Update 5:30 p.m., April 15 - Officials diagnosed a third case of pertussis at Woodland Junior High School Monday, said Fayetteville Public Schools officials.

Officials diagnosed a Woodland Junior High School student with pertussis, or whooping cough, according to a letter sent to parents April 3 from the Arkansas Department of Health.

Woodland Junior High School officials will observe students for the next 14 days for whooping cough, a highly contagious respiratory tract infection that can cause a severe hacking cough. A school nurse will review student immunization records, and parents will be notified if their child needs a vaccine, according to the letter.

In 2017, there were 18,975 reported cases of pertussis in the U.S., a 5.6% increase from 2016. The majority of reported cases ended in  hospitalization were for children under six months old, according to the Centers for Disease Control and Prevention.

During outbreaks of contagious diseases, officials can ask parents of unvaccinated children to take their children out of school, said Dr. Gary Wheeler a physician for the ADH. Outbreaks are usually seen in schools.

Pertussis can spread through direct contact with discharge from the nose or throat of an infected person, according to the ADH.

Symptoms of pertussis usually appear seven to 10 days after infection and resemble symptoms of the common cold but worsen over time and cause uncontrollable coughing, extreme fatigue and result in a red or blue face, according to the Mayo Clinic.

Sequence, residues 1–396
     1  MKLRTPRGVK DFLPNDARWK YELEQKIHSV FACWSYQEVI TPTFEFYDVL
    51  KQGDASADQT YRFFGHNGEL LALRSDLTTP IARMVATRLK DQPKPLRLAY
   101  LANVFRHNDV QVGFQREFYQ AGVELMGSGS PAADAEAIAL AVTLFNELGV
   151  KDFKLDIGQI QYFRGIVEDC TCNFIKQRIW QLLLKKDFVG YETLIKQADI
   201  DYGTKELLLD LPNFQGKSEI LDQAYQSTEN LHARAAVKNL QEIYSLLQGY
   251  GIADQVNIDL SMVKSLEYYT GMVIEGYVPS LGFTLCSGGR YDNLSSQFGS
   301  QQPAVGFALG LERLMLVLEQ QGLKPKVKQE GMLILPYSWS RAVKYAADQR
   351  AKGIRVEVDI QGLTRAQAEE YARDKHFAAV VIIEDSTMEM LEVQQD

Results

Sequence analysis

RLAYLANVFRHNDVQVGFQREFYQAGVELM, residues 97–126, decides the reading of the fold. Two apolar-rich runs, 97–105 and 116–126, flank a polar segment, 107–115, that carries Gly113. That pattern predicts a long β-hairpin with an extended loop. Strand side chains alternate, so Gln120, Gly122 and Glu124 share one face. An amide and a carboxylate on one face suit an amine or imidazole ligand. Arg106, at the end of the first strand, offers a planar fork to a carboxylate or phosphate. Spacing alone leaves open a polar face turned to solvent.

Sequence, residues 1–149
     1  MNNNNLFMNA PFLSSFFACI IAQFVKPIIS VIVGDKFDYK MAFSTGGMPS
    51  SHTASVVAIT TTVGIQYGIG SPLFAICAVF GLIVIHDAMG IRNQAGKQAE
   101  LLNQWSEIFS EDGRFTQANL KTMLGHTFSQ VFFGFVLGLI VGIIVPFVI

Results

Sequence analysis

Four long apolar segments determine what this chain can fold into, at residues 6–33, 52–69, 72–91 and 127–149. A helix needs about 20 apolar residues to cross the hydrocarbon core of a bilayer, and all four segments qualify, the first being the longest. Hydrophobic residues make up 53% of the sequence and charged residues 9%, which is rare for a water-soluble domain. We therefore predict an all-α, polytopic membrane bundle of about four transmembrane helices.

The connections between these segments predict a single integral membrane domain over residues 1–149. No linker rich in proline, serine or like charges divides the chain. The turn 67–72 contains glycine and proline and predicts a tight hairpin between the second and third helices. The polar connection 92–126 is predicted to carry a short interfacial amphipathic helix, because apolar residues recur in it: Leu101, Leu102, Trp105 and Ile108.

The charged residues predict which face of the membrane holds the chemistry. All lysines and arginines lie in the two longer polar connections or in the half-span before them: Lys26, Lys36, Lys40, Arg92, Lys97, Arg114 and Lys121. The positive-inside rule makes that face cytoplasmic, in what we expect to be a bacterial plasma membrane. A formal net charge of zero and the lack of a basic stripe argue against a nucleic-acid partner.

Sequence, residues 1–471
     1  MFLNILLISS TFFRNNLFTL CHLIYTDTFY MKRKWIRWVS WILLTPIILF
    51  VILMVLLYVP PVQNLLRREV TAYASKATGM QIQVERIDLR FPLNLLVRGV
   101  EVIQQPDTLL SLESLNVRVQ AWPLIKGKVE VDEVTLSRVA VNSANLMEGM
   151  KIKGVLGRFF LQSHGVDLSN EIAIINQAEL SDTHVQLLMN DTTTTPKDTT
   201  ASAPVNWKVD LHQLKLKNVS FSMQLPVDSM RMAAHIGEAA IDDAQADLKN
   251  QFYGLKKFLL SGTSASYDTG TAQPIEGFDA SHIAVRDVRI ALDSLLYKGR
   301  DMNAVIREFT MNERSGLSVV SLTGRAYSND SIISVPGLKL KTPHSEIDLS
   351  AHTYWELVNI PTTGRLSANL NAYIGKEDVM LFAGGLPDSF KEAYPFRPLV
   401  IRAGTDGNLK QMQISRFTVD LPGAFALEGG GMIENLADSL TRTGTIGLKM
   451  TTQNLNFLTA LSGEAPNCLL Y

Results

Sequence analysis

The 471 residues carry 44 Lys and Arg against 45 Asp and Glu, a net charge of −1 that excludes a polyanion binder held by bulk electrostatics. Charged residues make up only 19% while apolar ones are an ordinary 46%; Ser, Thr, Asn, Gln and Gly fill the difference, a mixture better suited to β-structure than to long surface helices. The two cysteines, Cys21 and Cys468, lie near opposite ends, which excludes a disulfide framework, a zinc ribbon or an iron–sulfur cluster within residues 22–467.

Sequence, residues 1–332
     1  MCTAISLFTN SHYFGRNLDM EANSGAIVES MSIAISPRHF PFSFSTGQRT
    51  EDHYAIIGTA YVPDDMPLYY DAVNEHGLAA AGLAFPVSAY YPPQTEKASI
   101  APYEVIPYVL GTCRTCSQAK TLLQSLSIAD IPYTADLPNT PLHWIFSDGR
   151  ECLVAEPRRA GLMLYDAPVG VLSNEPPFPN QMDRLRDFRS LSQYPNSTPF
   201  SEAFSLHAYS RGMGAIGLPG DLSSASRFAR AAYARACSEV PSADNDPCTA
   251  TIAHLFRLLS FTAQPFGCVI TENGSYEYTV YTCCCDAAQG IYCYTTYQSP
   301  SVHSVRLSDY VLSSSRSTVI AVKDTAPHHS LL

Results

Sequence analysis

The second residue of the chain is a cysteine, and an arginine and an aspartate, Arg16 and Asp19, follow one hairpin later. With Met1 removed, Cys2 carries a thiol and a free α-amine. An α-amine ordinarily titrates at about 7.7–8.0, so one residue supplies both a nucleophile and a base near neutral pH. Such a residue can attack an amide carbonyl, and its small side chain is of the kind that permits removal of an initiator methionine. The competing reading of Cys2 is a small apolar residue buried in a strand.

The most effective measure to prevent pertussis is to vaccinate adults and adolescents, according to the ADH.

The Mayo Clinic recommends parents to vaccinate their children for pertussis as well as diphtheria and tetanus beginning in infancy. The vaccine consists of a series of five injections at two months, four months, six months, 15-18 months and 4-6 years old, according to the Mayo Clinic.

The pertussis vaccine given in childhood eventually wears off when children are 11 years old, leaving most teenagers and adults at risk for infection. Children should have a booster at 11 years old and again every 10 years as adults. Pregnant women should have a pertussis vaccine shot between week 27 and 36 of their pregnancy, according to the Mayo Clinic.

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